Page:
President Aristide speaks to the Haitian people on Jan. 1, 2004, in a ceremony commemorating the bicentennial of the Haitian revolution – the 1804 defeat of Napolean’s army in the world’s only successful slave revolt, creating the world’s first Black independent country. Plans to celebrate the centennial throughout 2004 were foiled by the coup two months later.

If diplomacy is a form of lying, then the United States’ efforts to delay indefinitely the return to Haiti of former President Jean-Bertrand Aristide, is a triumph of the most foul diplomacy. Aristide has a passport, but no permission to land in Haiti and, it appears, no permission to take off from South Africa, where he has lived in exile since his overthrow in a U.S.-backed coup in 2004.

The passport was provided by the outgoing government of Aristide’s onetime ally, President Rene Preval. But the U.S., which really runs the country in a troika with France and Canada, is unalterably opposed to an Aristide comeback. After last year’s devastating earthquake, the Americans said Aristide would be a distraction from the job of national reconstruction. Very little in the way of reconstruction has gotten done since then, but the Americans now claim that Aristide would distract from the runoff elections scheduled for March 20. Three out of four Haitians were already distracted from taking part in the first round of elections in November, without Aristide’s presence. That was undoubtedly because Aristide’s party, Fanmi Lavalas, by far the most popular political grouping in the country, was prohibited from participating – also at the insistence of the Americans and the tiny Haitian elite with which they are allied.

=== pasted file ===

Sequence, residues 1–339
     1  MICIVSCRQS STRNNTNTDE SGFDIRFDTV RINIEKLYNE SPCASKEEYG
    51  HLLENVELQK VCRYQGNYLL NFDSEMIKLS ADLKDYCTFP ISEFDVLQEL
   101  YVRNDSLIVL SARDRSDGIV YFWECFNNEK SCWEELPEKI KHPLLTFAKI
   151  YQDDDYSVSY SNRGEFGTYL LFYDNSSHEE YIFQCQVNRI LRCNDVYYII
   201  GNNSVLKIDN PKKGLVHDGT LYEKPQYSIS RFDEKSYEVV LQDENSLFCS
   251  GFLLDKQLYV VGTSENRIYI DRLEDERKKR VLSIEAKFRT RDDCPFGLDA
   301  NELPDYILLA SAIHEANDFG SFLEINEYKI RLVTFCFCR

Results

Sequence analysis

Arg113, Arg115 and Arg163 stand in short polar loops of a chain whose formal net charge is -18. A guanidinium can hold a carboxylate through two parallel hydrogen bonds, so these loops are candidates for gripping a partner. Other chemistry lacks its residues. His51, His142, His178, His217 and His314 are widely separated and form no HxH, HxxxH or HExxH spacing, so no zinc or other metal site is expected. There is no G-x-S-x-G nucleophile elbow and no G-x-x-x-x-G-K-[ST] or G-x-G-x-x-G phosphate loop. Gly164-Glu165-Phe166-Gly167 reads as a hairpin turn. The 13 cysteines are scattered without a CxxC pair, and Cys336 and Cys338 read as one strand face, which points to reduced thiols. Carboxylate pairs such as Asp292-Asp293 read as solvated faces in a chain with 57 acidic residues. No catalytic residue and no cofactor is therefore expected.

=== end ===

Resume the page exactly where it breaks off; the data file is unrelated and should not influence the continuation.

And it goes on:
Part of Brazil’s MINUSTAH contingent.

Brazil acts as rent-a-cop for the United Nations mission in Haiti, MINUSTAH, but documents show the United States has pressured Brazil to use its influence with South Africa to keep Aristide’s feet planted firmly on African soil. Brazil dearly wants to get a seat on the United Nations Security Council, and feels it cannot afford to make the Yankees angry. South Africa claims its under no pressure from anybody, but then claims it has an obligation to consult “all the role-players to work out the ideal conditions for him to go back.” Clearly, those “role-players” are the Americans and their French and Canadian co-conspirators. Aristide’s lawyer says he will not attempt to leave South Africa without permission.

Of course, if South Africa gave its blessing to an Aristide flight to Haiti, the U.S. would be forced to abandon the charade and give Aristide a yes or a no, in its own voice – which would expose Washington as the occupying power in Haiti. Gone would be all pretensions that the Americans favor Haitian democracy. In hopes of putting the U.S. on the spot, a group of social activists, including Rev. Jesse Jackson, Danny Glover, Randall Robinson, Dick Gregory, and 11 others sent a letter, last week, to South African President Jacob Zuma. The letter expressed hope that President Zuma “can assist the Aristides in making their transition as soon as possible.” It said, “All the last remaining obstacles to the Aristides’ return have been removed” and expectations have been raised among Haitians that Aristide will soon arrive.

But even Aristide’s lawyer, Ira Kurzban, who was wildly optimistic only a few weeks ago, seems resigned that Aristide won’t be going home any time soon. So, all the Haitian people have to look forward to is this month’s elections that they didn’t want, anyway, for candidates that were essentially forced on them by the United States – an exercise that nobody but Americans believes has anything to do with democracy.